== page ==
I suggest getting a router with 5 ports. One WAN port to connect to the cable modem, and four LAN ports to connect the rest of your network. Here is how the router will be setup.
WAN port --> Cable modem
LAN port 1 --> Adapter #1 (this will be the Vonage phone adapter to service House #1)
LAN port 2 --> Network Device (this device will distribute the network connection to House #2)
LAN port 3 --> PC
LAN port 4 --> PC

In House #2, the Network Device will be connected to Adapter #2, which will be the Vonage phone adapter to service House #2. Any PCs in House #2 can also connect to the Network Device depending on how many free LAN ports are available.

The Network Device in House #2 can either be a router or switch. If it's a router, then House #2 can be its own network with separate IP addresses. This is if the DHCP service is turned on for the router. If the Network Device is a switch, then House #2 will be part of the House #1 subnet (same IP address range). This is a little technical but bear with me. The main question is "do you want to share files/folders between the PCs in House #1 and the PCs in House #2 and/or do you want to be able to print from one house to the other house?" If the answer is yes, get a switch. If the answer is no, get a router. Typically, switches are cheaper than routers, but routers offer better network management.

In the diagram, I showed how a switch could be added to House #1. This would be in order to support more PC connections than the router in House #1 had available. The same goes for House #2.

Steve48 brought up a good point about the distance of the connection between House #1 and House #2. There is a transmission limit for CAT5. I believe it's 100 meters before the signal becomes degraded and/or packet loss becomes an issue.

Good luck on this project. I am curious to find out how things go. Keep us posted.

I almost forgot to mention that the routers and/or switches can be purchased relatively cheap depending on what manufacturer you decide on. CISCO is by far the most costly option. Linksys, D-Link, and Belkin are just a few examples of cheaper manufacturers.
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DRichards
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PostPosted: Wed Jul 19, 2006 9:41 pm    Post subject: Two VoIP adapters on a single modem Reply with quote Back to top

Hello,

Eek
1st I would look at the distance between the two end points. Ethernet which is riding on the Cat5 has about 300' if conditions are good. If from one end of the Cat5 if house 1 and the other end in house 2 is close to 300 feet then you might better look at some sort of alternate method.

2nd The brand of router you use does not make as much difference as a feature called QoS (Quality of Service). QoS will regulate throughput based on priority. Basically it works on on the presumption that most people wont notice that a web page take a few seconds longer to open. They will notice a choppy telephone call.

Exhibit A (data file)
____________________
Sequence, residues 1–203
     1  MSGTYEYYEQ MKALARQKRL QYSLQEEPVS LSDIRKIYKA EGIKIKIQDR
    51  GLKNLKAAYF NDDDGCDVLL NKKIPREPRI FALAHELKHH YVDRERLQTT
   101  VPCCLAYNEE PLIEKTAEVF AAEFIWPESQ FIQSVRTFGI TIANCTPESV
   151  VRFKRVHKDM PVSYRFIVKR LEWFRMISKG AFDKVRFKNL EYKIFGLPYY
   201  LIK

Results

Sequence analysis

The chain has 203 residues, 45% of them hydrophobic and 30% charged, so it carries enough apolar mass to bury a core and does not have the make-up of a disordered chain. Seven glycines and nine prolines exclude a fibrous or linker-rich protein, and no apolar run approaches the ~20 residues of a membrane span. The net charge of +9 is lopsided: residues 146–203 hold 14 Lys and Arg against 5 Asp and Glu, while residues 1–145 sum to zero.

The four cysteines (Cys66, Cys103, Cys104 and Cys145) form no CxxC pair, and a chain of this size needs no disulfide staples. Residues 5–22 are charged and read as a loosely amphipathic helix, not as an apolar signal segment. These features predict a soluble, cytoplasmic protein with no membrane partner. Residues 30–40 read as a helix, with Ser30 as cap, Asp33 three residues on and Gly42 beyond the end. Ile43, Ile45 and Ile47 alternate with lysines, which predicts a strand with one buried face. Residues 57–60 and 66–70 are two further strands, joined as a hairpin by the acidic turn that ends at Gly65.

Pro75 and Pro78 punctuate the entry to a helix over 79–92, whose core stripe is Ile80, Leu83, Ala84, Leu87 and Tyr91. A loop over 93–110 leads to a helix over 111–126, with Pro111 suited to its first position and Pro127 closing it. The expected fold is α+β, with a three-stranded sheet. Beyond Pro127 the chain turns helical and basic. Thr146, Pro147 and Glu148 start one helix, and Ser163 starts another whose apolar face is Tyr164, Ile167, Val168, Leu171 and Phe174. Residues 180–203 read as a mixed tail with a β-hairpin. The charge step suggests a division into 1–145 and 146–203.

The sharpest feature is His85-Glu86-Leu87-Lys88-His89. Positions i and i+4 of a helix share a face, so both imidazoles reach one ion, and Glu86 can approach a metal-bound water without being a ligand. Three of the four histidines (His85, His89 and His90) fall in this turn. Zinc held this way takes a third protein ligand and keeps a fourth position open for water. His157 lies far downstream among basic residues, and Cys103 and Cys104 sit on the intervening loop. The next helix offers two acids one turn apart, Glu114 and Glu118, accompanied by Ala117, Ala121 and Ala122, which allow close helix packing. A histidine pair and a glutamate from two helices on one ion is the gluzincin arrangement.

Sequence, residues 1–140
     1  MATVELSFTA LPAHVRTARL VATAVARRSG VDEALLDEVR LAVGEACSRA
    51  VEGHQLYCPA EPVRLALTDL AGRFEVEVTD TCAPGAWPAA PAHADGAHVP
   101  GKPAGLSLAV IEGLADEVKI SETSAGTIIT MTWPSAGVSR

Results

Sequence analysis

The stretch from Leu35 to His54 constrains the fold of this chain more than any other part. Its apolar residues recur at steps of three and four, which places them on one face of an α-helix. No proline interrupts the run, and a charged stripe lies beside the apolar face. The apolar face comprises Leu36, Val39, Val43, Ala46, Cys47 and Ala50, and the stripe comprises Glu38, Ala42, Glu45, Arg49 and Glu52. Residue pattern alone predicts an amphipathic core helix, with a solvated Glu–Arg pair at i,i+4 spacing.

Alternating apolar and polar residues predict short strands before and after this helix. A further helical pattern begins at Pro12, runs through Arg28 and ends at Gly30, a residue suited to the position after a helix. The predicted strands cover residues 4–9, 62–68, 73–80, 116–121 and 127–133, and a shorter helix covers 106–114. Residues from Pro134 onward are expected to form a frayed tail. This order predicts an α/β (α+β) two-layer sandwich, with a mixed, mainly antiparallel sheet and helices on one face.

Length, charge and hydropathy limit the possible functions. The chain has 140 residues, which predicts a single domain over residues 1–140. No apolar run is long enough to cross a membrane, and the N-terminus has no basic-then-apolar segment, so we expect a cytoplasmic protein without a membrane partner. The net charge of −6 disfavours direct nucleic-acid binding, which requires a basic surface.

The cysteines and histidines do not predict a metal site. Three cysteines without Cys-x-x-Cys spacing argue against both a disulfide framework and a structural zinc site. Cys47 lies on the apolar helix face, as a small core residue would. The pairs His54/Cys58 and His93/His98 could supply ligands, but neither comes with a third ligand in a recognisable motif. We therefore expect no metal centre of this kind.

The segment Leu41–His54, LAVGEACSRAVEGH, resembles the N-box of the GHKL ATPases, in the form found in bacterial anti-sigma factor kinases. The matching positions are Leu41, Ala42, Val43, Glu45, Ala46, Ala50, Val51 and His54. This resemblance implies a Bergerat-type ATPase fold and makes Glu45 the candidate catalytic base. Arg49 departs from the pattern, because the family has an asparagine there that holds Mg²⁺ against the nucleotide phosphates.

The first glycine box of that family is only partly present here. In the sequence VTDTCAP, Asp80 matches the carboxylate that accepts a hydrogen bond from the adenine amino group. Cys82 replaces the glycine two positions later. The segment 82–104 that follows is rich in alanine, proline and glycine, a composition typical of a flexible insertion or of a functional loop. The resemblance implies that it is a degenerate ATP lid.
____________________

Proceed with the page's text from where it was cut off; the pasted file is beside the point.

Eek
A regular POTs line (Plain Old Telephone) can have a distance of about 1000’ and a REN of 7 REN is Ringer Equivalency Number. 1 would be equal to the ringer of one of those old style phones with the brass bells and the pots line can power 7 of these. Most newer phones are less than 1. The REN will be listed on the bottom of the phone. I have a cordless phone that has a REN of 0.2. A post line could handle 35 of these phones.

My Linksys WRTP54G Voip router has a REN of 5 which is less than the POTs specification. I don’t know what the wire distance is.

Option 1
Get the Linksys WRTP54G Voip router which has QoS for house with Internet connection. Get a Linksys PAP2 Voip phone adapter. String a CAT4 line from both ports on the PAP2 to the telephone access point on the outside of house 2. Get House 2 some 802.11b network adapters. (802.11b gets better range than 802.11g)

Option 2
If the total length of the Cat5 between the two houses INCLUDE up walls, under ground, over ceilings, swag.. is under 300’ (250’ would be better) . I would string Cat5E minimum Cat6E would be better.

See if your modem will support multiple connections. Some will I have the Motorola SB5120 and it will support 32 connections. If it will get a small 4 port switch (NOT A HUB or ROUTER) check around I have gotten them new for under $10.00 connect it to the modem connect Voip router for the House 1 to one of the ports. Connect the Cat6E line to House 2 to another switch port. Connect Voip router for House 2 to the other end.


Follow the wiring rules. When strip the cover off of the CATx wire its is twisted. The twists are VERY important and must be maintained. No right angles always sweep use a 1” minimum bend radius. Less will flatten the wires inside the cable. All joints should have .5” or less untwisted wire.

Good Luck
Very Happy